Rigoberto Rodríguez
Director of Operations
DnA Mining
/
Insight

Remote Mining Sites Must Pick Viable Power Solutions

Wed, 10/21/2015 - 17:16

When searching for power solutions in the Mexican mining market, a range of companies shows up on the list. While some of them specialize in generation, others look to implement control and automation technology. There are thus few companies that can offer both of these services in an efficient and integrated manner. Chihuahua-based DnA Mining is one such supplier. This company represents a JV venture between Demek, a leader in the construction of electrical and mechanical systems, and Autronic, a company specialized in automation and instrumentation. “The range of widely applicable solutions that DnA provides for the mining industry and beyond includes products such as high tension electric systems, which can go as high as 115,000V, and control systems of up to 20,000V. We also manage high-voltage electrical grids, substations, transformers, low, medium and high-level distribution controls, and instrumentation,” says Rigoberto Rodríguez Mora, Director of Operations at DnA Mining. The company is also able to take care of the mechanical side of operations, which includes assembly, structural design, and maintenance. “We involve ourselves with our mining customers’ projects from the point when the mineral is first extracted right up until the fully processed product. During this process, we can offer services that include the setup of crushing equipment, mills, and the processing plants which use many common mining processes such as flotation or lixiviation,” Rodríguez Mora further explains. When DnA was founded in the early 1990s, it started out with individual projects in different industries to gauge the interest in its products. The company entered the mining industry 12 years ago, but it is only just beginning to get involved in joint projects with major engineering companies. “Once these start up, we will play a more active role in the design phase of mines,” affirms Rodríguez Mora.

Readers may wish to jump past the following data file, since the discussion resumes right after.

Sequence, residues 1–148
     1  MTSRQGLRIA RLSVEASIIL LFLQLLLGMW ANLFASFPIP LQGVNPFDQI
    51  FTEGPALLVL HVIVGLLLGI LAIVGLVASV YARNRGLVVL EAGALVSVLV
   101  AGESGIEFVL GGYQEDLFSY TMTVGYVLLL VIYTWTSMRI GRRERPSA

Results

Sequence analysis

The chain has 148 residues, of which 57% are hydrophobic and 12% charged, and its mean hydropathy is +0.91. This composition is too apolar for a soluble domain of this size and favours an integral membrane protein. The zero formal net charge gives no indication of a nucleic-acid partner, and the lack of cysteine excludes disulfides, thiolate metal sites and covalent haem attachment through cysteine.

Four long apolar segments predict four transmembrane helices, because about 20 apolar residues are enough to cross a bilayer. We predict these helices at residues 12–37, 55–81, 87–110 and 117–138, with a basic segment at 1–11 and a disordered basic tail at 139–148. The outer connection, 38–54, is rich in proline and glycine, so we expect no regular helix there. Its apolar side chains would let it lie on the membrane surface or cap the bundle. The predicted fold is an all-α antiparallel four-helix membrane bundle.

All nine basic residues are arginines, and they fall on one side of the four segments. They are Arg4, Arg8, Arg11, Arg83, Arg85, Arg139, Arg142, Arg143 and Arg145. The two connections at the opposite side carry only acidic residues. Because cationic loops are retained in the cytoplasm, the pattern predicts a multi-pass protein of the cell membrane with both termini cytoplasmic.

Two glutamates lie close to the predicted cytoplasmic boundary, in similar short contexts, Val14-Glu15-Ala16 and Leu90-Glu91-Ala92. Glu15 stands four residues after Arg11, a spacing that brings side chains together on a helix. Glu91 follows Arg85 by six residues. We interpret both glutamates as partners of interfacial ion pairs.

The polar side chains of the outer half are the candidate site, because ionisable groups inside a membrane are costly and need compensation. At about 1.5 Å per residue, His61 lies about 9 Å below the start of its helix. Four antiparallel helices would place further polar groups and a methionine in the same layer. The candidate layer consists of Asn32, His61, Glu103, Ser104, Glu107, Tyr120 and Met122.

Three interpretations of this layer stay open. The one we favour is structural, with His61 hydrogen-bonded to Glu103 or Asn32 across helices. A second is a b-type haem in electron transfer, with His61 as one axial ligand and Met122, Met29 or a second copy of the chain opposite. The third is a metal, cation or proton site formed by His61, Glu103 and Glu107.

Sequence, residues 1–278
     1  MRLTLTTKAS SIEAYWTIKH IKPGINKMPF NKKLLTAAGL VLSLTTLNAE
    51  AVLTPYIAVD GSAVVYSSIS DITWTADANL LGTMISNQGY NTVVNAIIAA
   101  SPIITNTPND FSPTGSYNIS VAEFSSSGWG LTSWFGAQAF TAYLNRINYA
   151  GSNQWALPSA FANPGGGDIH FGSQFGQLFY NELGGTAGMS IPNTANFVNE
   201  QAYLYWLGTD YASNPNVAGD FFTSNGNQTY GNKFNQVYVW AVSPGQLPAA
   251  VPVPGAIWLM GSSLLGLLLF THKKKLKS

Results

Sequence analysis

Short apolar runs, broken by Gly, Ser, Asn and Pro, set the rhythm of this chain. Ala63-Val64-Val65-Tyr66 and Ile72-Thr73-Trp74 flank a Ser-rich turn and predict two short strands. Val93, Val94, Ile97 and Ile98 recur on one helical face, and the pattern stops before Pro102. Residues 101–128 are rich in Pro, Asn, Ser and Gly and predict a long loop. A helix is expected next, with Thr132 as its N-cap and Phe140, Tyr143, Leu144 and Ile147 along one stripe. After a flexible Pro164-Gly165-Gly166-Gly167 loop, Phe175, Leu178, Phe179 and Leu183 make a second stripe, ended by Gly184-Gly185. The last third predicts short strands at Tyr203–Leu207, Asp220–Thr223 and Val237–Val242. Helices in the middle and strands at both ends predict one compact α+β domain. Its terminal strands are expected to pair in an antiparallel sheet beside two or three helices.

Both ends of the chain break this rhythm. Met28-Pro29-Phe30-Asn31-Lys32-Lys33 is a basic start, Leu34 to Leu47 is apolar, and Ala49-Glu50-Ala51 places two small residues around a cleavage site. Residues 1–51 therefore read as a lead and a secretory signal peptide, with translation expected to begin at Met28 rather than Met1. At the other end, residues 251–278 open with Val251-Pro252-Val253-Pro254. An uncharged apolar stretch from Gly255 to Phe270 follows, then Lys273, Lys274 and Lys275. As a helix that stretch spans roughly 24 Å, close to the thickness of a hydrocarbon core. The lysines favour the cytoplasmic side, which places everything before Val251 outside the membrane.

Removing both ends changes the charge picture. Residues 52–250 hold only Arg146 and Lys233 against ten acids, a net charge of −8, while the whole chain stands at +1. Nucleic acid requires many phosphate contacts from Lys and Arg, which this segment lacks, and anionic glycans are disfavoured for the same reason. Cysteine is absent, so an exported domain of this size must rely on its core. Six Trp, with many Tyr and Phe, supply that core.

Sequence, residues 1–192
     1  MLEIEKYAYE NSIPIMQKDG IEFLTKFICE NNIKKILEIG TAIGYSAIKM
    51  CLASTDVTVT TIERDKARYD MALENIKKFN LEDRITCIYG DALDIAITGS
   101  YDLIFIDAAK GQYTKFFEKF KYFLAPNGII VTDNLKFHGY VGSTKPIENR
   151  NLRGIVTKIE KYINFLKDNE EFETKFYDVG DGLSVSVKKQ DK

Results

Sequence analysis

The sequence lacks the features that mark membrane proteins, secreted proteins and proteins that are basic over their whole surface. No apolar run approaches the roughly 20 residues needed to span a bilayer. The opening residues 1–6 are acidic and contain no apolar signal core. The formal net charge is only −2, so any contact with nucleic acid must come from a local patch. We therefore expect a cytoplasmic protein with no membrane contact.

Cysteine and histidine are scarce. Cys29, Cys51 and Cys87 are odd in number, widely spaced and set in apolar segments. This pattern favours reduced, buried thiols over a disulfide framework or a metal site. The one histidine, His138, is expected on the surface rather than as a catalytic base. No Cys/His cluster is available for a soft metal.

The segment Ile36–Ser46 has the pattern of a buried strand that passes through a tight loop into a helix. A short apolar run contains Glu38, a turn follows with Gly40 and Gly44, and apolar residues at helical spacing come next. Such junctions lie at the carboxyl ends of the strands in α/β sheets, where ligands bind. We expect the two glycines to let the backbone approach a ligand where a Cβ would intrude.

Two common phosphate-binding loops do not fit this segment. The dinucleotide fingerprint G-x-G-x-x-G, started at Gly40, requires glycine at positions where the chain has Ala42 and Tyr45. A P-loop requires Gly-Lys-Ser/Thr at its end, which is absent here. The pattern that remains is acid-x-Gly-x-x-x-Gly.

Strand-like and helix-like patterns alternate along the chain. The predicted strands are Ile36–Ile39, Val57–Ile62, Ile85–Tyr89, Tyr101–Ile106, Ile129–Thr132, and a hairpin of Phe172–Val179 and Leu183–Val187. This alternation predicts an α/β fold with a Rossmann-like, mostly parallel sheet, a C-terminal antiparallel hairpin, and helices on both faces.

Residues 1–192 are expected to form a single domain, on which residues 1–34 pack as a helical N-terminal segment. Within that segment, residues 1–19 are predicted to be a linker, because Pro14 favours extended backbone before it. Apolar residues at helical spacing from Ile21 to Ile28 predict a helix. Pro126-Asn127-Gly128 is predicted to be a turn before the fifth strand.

To overcome the energy generation challenges of distant mining operations, DnA Mining offers two options to meet a project’s energy demands. One solution is the construction of photovoltaic energy systems for areas where it is economically viable to do so. The other solution that the company offers is the construction of a power line to connect the site to the grid, providing the user with continuous energy for at least 25 years. This latter solution must be implemented according to CFE’s standards, which does not leave a lot of space for innovation, since Mexico’s norms are already well-established. Additionally, the line only belongs to a company while it is within the limits of its own property. Once it is connected to the grid outside the property, it belongs to CFE, regardless of who makes the investment for the construction of the line. It is because of this large investment that DnA Mining makes sure such projects are carried out quickly and efficiently. “Our close collaboration with CFE and considerable knowledge of the respective norms are indispensable advantages during process,” states Rodríguez Mora.

With the passing of the Energy Reform, companies looking to increase their energy self-sufficiency can now build viable and competitive energy generation systems. “Some major mining companies like Grupo Mexico, who already generate their own electricity, divert their excess energy to CFE. They are then able to use energy from the CFE grid in other parts of Mexico as part of the Open Season program,” Rodríguez Mora clarifies. This scheme also helps to make solar energy more competitive. “As such, solar projects aim to reduce costs with the judicious application of technology. Nevertheless, if the price of solar energy does not continue to decrease, we will not be able to invest in it much further,” he adds. For the time being, this solution is most suited to projects in remote areas far away from the grid. The Open Season program has been encouraging companies to invest in wind farms, usually in Oaxaca, prior to the implementation of the Energy Reform. But even with the new legislation in place, the Director of Operations of DnA Mining says that the program should continue to be active. He adds that being part of programs like this means that projects can incorporate several energy solutions into their sites, making energy generation a safer bet for mining companies. The problem with initiating energy projects at mining sites though is that the lifespan of a mine is often limited. Therefore, Rodríguez Mora believes that the mining industry is unlikely to be one of the long-term beneficiaries of the Energy Reform.